Find Moments for Movement to Stay Fit
Research has shown that sitting at a desk most of the day can take a toll on your health. For this reason, some health experts call long-term sitting “the new smoking.” Stand-up desks and even expensive treadmill-desks have been introduced to mitigate this health crisis.

These are just a few quick headline ideas that target very specific behaviors and skills throughout the workplace. Articles contained in FrontLine Employee newsletter are refined and specific to a topic, and have a dramatic effect on improving the wellbeing of the workforce.

Relying on an employee newsletter means that companies will not be required to devote as many of their resources to training seminars and workshops throughout the year.

An employee newsletter can be created in-house or you can outsource the work to professional like FrontLine Employee Wellness Newsletter. Whichever you choose, you will know that every employee will have easy access to the same information at the same time. You can address a wealth of subjects through employee newsletter such as how to get along with one another, how to work more effectively with difficult people, ways to resolve conflict in a positive manner, improving team skills, and much more.

Creating an employee newsletter ALWAYS proves to be a challenge for small businesses. Economically speaking, the time devoted each week to the newsletter may take away valuable employee hours. In order to research, write, format, and develop each newsletter, not to mention sending it out to all employees, can take a tremendous amount of time. Some company managers even spend a great deal of their downtime struggling to create newsletters that are engaging and provide useful information to their employees, and still fall short.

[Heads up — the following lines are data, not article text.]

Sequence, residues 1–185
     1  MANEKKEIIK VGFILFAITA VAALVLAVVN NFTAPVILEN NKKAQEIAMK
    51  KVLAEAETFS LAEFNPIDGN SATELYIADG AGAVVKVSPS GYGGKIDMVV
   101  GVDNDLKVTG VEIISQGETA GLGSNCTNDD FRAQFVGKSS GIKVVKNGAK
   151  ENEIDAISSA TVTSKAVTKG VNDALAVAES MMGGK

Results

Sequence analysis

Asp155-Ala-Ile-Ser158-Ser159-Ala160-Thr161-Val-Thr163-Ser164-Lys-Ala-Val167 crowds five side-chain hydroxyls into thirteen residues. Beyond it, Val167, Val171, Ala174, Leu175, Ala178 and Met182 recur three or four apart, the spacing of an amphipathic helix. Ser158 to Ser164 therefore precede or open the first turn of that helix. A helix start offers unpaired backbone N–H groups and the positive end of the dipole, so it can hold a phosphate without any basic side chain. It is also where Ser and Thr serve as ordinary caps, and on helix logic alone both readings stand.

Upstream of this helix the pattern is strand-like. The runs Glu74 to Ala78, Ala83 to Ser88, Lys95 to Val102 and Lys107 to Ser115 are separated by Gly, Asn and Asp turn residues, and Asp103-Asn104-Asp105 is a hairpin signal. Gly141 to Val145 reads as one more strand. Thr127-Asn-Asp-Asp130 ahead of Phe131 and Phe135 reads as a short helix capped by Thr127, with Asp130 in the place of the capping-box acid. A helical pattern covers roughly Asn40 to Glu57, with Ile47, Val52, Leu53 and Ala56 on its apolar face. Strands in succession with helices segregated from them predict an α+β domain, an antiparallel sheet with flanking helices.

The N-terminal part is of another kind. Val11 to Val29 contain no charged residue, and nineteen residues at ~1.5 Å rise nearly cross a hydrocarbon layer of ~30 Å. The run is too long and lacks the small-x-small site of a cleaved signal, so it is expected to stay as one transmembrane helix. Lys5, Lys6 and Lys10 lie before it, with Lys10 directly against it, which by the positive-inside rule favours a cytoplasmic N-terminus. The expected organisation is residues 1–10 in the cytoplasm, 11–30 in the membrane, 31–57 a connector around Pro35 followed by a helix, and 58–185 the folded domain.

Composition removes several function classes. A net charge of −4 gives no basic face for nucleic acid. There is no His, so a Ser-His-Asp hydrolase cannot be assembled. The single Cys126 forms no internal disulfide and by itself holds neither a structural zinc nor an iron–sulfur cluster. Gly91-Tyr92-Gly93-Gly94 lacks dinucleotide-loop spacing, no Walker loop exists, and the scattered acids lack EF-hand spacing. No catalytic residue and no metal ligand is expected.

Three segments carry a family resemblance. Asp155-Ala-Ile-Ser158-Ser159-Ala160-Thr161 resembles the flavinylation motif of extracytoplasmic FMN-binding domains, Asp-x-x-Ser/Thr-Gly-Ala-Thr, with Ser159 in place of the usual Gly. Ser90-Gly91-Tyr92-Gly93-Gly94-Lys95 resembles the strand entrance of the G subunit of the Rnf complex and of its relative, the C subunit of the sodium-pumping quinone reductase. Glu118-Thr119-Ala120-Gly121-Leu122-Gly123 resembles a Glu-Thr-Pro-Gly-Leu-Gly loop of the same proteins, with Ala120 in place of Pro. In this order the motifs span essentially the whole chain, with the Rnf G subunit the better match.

Go here to get a free trial to an editable workplace wellness employee newsletter. There is no bill, no invoice, no hassle, just three months of relief. Let us know later if you wish to continue.






Also in Workplace Newsletter Tips for Human Resource and Benefits Mangers

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How a Customized, Editable Newsletter Can Help Take Your Organization to the Next Level

June 19, 2019

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Lesson 2 of Five: Creating an Employee Newsletter that Rocks

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Learn some of the important elements of employee newsletters than make the effective in helping employees be healthy, happy, and productive while reducing stress for the newsletter author and making it easier to produce content.